I am always mindful of the desire of our Founding Fathers to have people with virtue to lead the nation in the highest offices of the land.  Washington had a personal driving ambition to be a man of honor.  Not coming from a family of wealth or nobility he knew that character mattered and personal integrity would never let a person down.

When the Second Continental Congress was to make a selection for the commander of the newly formed Continental Army, Washington will slip from the room so as not to look as if he is seeking the position or to gain it due to vanity or arrogance.  Over the decades of reading history, this same series of facts about Washington emerges in books from all manner of historians.

The code of conduct by which Washington lived his life does not mean he did not have dreams or ambitions or felt able to do a job.  But he always placed his calm, reasoned, and measured character in front of him leaving boastful and unbecoming moments to others in a room.

After reading well into the night I came downstairs to shut off the computer.  But before doing so I checked to see what was making news on Twitter.  That is when I saw the latest from Phil Hands. the editorial cartoonist and letters editor for the Wisconsin State Journal.  It was stunning to look at his creation after reading about the exact opposite character of Washington.

A few years ago I traveled to Mount Vernon, and to say I was moved to my central core would not be too strong a summation.  It is a place I long to see again, and sit and stay awhile just thinking as I feel the warm humid air and gaze off over the Potomac.  It was there I learned that in a schoolbook Washington had copied, as a teenager, a list of “101 Rules of Civility & Decent Behaviour in Company and Conversation.”  Many were mundane and trite.  But the first one was not, and it made an impression. Thinking about the tone of our current president, the Hand’s drawing, and the book about Washington the exact words need to be posted here again at this late hour.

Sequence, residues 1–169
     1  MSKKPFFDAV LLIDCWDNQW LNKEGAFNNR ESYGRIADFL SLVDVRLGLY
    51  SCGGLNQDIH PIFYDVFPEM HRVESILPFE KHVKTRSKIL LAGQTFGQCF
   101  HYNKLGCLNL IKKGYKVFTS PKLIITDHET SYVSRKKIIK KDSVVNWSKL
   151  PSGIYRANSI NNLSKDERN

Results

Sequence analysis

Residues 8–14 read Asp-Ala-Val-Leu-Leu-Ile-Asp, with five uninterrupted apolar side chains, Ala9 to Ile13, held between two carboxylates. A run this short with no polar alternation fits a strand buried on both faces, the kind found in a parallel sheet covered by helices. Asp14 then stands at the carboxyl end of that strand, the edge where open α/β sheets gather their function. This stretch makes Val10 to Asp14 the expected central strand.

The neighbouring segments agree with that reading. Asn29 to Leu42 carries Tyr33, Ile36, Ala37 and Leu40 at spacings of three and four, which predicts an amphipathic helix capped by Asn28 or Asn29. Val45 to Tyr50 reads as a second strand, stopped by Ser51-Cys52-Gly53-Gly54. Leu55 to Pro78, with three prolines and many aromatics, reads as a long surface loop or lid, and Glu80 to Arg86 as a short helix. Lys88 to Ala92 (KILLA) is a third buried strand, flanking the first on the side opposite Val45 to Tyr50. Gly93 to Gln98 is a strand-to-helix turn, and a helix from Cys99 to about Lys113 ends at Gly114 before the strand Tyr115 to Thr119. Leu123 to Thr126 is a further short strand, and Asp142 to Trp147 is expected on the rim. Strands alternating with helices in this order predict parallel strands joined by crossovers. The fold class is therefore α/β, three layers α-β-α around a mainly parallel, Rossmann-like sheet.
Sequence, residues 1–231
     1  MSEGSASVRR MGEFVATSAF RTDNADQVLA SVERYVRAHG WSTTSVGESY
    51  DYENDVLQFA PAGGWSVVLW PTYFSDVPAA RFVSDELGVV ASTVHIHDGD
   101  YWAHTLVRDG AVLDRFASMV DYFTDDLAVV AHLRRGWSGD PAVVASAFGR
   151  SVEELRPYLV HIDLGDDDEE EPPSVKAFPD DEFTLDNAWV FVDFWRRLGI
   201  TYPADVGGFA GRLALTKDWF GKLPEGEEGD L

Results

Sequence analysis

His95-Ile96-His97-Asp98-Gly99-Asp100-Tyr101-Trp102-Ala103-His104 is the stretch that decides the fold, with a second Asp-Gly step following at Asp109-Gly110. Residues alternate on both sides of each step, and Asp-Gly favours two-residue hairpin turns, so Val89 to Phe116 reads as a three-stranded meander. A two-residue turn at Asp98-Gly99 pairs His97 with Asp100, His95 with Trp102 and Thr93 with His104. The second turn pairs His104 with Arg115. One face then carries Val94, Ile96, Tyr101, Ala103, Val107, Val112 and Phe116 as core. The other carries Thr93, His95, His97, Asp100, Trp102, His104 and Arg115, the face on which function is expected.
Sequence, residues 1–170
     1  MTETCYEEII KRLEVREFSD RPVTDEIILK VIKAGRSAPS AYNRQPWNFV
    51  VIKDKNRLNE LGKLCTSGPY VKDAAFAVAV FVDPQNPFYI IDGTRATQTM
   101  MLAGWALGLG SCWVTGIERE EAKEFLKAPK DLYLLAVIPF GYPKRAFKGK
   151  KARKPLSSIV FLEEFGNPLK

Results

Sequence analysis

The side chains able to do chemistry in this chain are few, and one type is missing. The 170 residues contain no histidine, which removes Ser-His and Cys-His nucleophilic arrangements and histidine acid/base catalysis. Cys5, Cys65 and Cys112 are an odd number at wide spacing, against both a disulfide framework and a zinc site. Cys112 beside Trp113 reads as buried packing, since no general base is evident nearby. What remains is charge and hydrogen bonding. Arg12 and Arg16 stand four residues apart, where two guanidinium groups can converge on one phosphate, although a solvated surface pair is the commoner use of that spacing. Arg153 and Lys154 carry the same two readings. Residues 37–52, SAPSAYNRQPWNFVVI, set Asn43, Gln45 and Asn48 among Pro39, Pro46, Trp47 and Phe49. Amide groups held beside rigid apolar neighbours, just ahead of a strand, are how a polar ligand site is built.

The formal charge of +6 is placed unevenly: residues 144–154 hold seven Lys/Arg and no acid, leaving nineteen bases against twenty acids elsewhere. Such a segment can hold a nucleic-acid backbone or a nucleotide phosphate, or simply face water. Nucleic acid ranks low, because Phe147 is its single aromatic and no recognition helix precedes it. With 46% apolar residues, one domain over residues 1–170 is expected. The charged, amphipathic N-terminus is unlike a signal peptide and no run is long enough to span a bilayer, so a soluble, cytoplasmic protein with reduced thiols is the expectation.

“Every Action done in Company, ought to be with Some Sign of Respect, to those that are Present.”

Some might view that line as old-fashioned when considering ways to behave.  But given where we are in the nation might it be possible that a line from history can be used as a way for our going forward?





GOP Has Lost All Credibility

Phil Hands, the editorialist for the Wisconsin State Journal, has nailed the national condition of the Republican Party with his latest drawing.

There is no moral center, no regard for the nation, no higher calling for their party than mere partisanship.  The GOP sold their last shred of decency and self-respect to Donald Trump who has proven he will sink to any level, and commit any action to further his personal enrichment and ego-stroking.

The GOP can no longer prattle on about Ronald Reagan, family values, strong national defense, or tight fiscal strategies.  They can no longer speak from any elevated position about any topic.

They have kneeled and bowed to Donald Trump.   They have chosen their master.   And in so doing they have demonstrated bootlicking is almost an art form.    As Aunt Lindsey proved on Face The Nation this morning.


One Cartoon Says It All About Trump

I am always glad to see what Phil Hands, the political cartoonist for the Wisconsin State Journal, has created to better define the news of the day.  This weekend his offering was brilliant, because it is so true.

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Phil Hands Nails It Over Wisconsin Republicans Messed Up Priorities

Several weeks ago I attended an event in downtown Madison where Wisconsin State Journal political cartoonist Phil Hands talked about how he goes about thinking of his topics and putting them into a cartoon for the paper.  As a lover of witty and biting political cartoons the evening was most enjoyable.  As I looked at the newspaper today I could see his eyes and face and knew how he felt when he started to create this piece of perfection.